The man whom Delta Airlines credits for guiding it through crisis as the coronavirus pandemic swept the nation will become General Motors' new chief financial officer.
GM said Friday it has hired Paul Jacobson, 48, as executive vice president and CFO effective Dec. 1.
Until then, John Stapleton will continue in two roles: As GM's North America chief financial officer and as acting global CFO, a role he stepped into Aug. 31.
"Paul is a great addition to the GM senior leadership team and is dedicated to leading the company for the benefit of all stakeholders," said GM CEO Mary Barra, whom Jacobson will report to. "We share a commitment to teamwork and inclusion as we work toward our vision of a future with zero crashes, zero emissions and zero congestion."
The hire comes just two-and-a-half months after GM's first female CFO, Dhivya Suryadevara, resigned to take a CFO job with Stripe, a global online payments company based in San Francisco. She served as GM's CFO for just over two years.
Eight-time best CFO
Jacobson joined Delta, based in Atlanta, in 1997 as a financial analyst. He held various positions there including a senior vice president and treasurer role until March 2012 when he became the airline's CFO. He was named the airline industry's best CFO eight times by Institutional Investor magazine's poll of Wall Street analysts and investors, GM said.
In an April article on Delta News Hub, Delta CFO Ed Bastian praised Jacobson, saying he asked Jacobson in April to reconsider his decision to retire from Delta.
"I am happy to announce that Paul has agreed to rescind his retirement and continue as our Executive Vice President and Chief Financial Officer," Bastian wrote, going on to say that Jacobson's experience and guidance were critical to Delta's initial response to the pandemic.
"Under his leadership, we have boosted our liquidity through commercial markets and expanded our cash position," Bastian wrote. "Paul and his team have been instrumental in executing our strategy for cost reduction while forging the path ahead so that Delta is positioned to lead the industry when the recovery comes."
Bastian credited Jacobson in "developing and leading the strategy that regained our investment-grade balance sheet as we rose from the difficult years after Sept. 11, 2001," the day terrorists flew commercial airplanes into the World Trade Center in New York and the Pentagon in Washington, D.C.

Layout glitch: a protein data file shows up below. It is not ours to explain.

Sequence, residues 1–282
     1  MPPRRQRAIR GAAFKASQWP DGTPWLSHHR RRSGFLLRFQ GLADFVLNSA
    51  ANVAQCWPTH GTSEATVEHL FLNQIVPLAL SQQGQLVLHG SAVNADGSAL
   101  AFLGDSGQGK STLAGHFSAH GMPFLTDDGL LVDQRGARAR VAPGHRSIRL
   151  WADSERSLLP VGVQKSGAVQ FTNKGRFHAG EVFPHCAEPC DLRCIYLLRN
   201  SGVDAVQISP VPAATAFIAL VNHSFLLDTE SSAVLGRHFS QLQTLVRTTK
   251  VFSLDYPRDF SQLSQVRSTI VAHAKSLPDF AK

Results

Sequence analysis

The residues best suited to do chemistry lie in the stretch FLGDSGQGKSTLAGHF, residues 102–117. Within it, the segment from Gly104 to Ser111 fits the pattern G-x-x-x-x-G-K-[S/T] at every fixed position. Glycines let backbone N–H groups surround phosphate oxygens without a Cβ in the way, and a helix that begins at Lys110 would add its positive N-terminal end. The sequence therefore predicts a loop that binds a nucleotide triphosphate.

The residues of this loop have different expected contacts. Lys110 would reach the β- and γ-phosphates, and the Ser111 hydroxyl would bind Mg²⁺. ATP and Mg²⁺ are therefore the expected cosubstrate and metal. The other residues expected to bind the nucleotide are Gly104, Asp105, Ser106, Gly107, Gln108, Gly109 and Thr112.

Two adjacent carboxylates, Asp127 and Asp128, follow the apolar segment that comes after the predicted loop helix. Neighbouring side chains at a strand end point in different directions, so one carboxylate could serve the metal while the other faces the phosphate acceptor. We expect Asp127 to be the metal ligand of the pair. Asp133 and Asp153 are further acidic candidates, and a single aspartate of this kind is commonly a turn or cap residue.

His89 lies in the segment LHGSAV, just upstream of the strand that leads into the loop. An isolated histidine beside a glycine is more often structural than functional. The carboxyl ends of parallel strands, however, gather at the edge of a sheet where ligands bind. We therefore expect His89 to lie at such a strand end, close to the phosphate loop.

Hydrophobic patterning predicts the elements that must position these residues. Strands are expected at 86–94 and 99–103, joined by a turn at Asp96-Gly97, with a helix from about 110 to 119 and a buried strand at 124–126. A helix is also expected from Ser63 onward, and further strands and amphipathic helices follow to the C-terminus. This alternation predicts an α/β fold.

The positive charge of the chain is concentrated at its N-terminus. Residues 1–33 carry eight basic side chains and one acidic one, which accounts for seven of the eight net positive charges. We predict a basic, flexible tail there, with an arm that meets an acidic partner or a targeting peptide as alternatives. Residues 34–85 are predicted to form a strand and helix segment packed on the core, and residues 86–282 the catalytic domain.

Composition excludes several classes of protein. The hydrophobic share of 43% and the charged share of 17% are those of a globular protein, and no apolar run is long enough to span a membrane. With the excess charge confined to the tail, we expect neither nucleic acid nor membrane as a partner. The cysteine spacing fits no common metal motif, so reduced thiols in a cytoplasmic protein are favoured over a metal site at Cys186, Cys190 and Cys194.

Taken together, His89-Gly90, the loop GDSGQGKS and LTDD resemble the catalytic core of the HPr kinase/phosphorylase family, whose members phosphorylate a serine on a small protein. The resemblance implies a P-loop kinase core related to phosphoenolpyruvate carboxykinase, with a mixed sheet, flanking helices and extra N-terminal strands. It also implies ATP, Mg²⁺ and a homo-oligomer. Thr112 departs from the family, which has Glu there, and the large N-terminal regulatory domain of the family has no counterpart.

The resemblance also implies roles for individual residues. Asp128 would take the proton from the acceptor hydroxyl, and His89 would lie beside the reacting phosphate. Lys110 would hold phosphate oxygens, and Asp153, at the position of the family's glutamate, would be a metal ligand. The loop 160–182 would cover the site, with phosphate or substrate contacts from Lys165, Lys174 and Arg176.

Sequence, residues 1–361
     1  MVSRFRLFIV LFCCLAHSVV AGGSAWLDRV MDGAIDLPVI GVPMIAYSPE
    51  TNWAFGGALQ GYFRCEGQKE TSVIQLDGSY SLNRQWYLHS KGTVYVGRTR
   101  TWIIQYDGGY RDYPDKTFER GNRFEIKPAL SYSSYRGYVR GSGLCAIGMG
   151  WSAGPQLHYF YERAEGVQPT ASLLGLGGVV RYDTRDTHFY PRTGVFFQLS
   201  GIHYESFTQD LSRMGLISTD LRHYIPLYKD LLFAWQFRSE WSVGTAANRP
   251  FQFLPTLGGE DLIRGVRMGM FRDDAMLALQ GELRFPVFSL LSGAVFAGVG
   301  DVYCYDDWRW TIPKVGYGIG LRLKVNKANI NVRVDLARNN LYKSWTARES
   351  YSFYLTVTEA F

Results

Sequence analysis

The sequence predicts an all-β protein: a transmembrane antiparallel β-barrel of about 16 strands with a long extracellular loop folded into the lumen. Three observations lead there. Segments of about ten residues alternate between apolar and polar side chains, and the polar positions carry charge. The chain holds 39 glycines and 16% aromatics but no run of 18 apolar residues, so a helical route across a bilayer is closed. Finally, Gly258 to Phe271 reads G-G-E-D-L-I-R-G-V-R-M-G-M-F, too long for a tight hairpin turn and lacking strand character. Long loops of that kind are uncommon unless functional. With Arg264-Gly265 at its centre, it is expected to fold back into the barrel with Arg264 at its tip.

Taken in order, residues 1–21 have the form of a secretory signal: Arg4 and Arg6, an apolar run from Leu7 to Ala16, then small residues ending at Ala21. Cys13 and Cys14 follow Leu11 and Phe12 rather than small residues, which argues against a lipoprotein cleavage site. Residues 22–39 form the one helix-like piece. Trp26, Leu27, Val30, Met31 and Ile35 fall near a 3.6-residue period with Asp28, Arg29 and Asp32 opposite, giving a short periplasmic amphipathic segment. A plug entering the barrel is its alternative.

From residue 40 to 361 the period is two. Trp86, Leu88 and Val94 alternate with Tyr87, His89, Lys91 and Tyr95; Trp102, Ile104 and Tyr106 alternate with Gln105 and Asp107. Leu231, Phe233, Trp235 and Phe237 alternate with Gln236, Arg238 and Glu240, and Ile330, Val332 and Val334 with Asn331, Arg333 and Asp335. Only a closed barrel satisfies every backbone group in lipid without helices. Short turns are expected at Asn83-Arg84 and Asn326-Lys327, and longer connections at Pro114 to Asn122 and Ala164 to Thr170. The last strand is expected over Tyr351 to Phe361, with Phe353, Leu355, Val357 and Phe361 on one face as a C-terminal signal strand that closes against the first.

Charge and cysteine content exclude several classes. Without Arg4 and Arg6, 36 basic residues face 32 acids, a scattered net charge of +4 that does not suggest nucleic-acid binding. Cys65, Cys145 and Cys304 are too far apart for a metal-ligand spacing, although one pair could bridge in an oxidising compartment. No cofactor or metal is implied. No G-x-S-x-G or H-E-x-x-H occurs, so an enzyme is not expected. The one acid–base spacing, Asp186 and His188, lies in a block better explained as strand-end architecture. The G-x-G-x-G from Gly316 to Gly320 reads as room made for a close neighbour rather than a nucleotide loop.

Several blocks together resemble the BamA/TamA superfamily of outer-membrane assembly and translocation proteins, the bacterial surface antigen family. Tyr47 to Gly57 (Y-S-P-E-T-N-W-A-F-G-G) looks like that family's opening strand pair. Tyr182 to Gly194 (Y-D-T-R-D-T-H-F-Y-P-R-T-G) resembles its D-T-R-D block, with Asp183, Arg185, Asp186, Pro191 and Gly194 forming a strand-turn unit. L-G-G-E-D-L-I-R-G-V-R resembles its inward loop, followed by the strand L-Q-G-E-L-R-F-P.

Dashed dream of being a pilot
Jacobson said he opted to join GM in part because of the automaker's vision for an all-electric future.
"GM's vision is compelling because it embraces the needs of society, customers and investors, and they are executing an historic technology shift to electrification from a position of strength," he said in a statement.
Jacobson is from Minnesota, and dreamed of being a pilot, he told Delta News Hub. He enrolled in Air Force ROTC and had earned his pilot's license when he had to disclose his medical history.
"I'd had asthma as a child, but I grew out of it at age 14," Jacobson said. "Unfortunately, the cutoff for the ROTC program was 12, after that supposedly it could reoccur. I had self-disclosed ... obviously it was the right thing to do. But I couldn't be a pilot."
He said he was devastated but decided to pursue a career in aviation management. He graduated from Auburn University in Auburn, Ala., in 1994 with a bachelor's degree in aviation management. He later received a Master of Business Administration degree from the Owen Graduate School of Management at Vanderbilt University.
He serves on the board of trustees for the Auburn University Foundation, the Harbert College of Business Advisory Council at Auburn and the Owen Graduate School of Management Board of Visitors at Vanderbilt in Nashville, Tenn.
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